I am not a huge fan of the Planet of the Apes series. I really liked the first and second one was OK, but I found that the premise and the storyline wore thin as the series went on. Nonetheless, if you are a fan - and there are many out there- this collection looks pretty sweet. The "ape-head" packaging is pretty cool and when they mean "Ultimate"- I believe 'em. Included in the package are not only all of the 5 original feature films, but also included are the 2001 remake (sorry- you can probably use it as stand for the "ape-head"), the TV live actions series, the TV animated series, a host of features, and the excellent AMC documentary Behind the Planet of the Apes, hosted by Roddy McDowell, celebrating the 30th anniversary of the original and a look at the entire franchise. In fact, "Franchise Collection" might have even been a more appropriate moniker for this box set. Although I am not a huge fan of the series, I hope this collection does very well. I know it is a beloved series for many fans. Hopefully success of this box set will encourage studios to do similar franchise box sets of films that had great runs and also appeared in TV, etc. That being said, I wouldn't mind some single releases of this set- I really liked the first one and the AMC documentary.

Not the 9 o'Clock News-
If you watched HBO in the mid-80s you've got to remember Not Necessarily the News. C'mon! You've at least got to remember Rich Hall and Sniglets. Yeah, I thought so. Well This DVD is the best of the British original. I saw some of this series in the late 80s on PBS and "discovered" Rowan Atkinson. I soon watched as many of his series as I could. I loved Mr. Bean ( don't know why- I just "get" it) and the more recent The Thin Blue Line series- but I especially love Black Adder. After Monty Python, Black Adder has to be my most favorite British comedy series. Even before the great Fawlty Towers , Benny Hill and the work of Hugh Laurie and Stephan Fry. I mean how can you not love Baldrick? So- if you don't "get" it- check out Not the Nine o'Clock News. Then you might be on to something.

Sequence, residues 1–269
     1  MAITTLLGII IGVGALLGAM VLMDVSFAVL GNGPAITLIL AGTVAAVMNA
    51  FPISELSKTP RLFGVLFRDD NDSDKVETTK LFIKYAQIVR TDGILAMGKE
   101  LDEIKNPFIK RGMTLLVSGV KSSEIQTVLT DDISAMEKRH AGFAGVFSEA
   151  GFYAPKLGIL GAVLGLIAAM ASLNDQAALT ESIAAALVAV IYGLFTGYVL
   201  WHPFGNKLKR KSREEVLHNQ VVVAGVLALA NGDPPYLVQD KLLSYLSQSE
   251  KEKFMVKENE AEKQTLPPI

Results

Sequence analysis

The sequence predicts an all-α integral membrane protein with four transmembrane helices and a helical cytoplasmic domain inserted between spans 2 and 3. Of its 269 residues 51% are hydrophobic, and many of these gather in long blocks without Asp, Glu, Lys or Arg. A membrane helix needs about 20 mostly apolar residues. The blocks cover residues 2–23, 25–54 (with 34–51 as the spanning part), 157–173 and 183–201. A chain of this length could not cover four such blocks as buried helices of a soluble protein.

Other excellent films and DVD sets hitting this week:
Louis Malle's classic Au Reviour, Les Enfants.
The richly animated and woven Airbender, The Last Avatar, Book 1 Water, Vol.2 And for more of a trip down memory lane try the Danger Mouse Seasons 5 & 6, and The Super Mario Brothers Super Show DVD sets.

Television: (Check Local listings for times)

Tonight is the CBS action block. You know the drill. Don't miss The Amazing Race. The Mighty Phil K. has them headed to Italy. Arguing, breakdowns, and difficult challenges lie ahead. And this week on South Park: Stan convinces everyone to buy Hybrid vehicles, but it isn't too long until everyone discovers a huge stormy mass headed for South Park in "Smug Alert!" Sounds promising. I wonder if we will see a reappearance of Darth Chef? (Chef Vader has better ring to it I think).

Shelf picks on TCM:

March 28th: Fred Astaire and Ginger Rogers dance their way through an entagled web of a trumped up marriage, all for the sake of publicity in Shall We Dance (1937).

March 29th: It's Tough Guy day at TCM. Great features on the block for today are The Charge Of The Light Brigade (1936), Gunga Din (1939) , White Heat (1949) , The Roaring Twenties (1939), Angels With Dirty Faces (1938) , The Postman Always Rings Twice (1946) , Double Indemnity (1944) , and Whispering Smith (1948).

March 30th: Great adventure abounds with Stewart Granger and Deborah Kerr in King Solomon's Mines (1950). Archaeologist get more than they bargained for when they uncover a lost tomb in Valley Of The Kings (1954).

March 31st: Americana at it's Hollywood best. Comedy is on the menu for Doris Day and David Niven in Please Don't Eat The Daisies (1960). Cary Grant and Myrna Loy tackle the American Dream with hilarious results in Mr. Blandings Builds His Dream House (1948). The mid-west gets a musical sendup in Oklahoma! (1955). And don't forget Baseball! Gary Cooper is the great Iron Horse, Lou Gehrig in The Pride Of The Yankees (1942).

It's April Fools at TCM on April 1st: The Marx Brothers bring their own particular brand of destruction in Duck Soup (1933). W.C. Fields stumbles his way through guarding a bank in The Bank Dick (1940). Lou Costello is a Revolutionary war ghost haunting Bud Abbott in The Time of Their Lives (1946). Bob Hope and Bing Crosby sing, dance, and smirk their way through Alaska in The Road to Utopia. And let us not forget Jerry and Dean in The Caddy (1953).

That's it for this week Shelfers. Enjoy the last of March. And don't forget: It's good to be the King.

Oh, I know it's a penny here and a penny there, but look at me. I worked myself up from nothing to a state of extreme poverty.

You know what I need? I need more 'hello's'.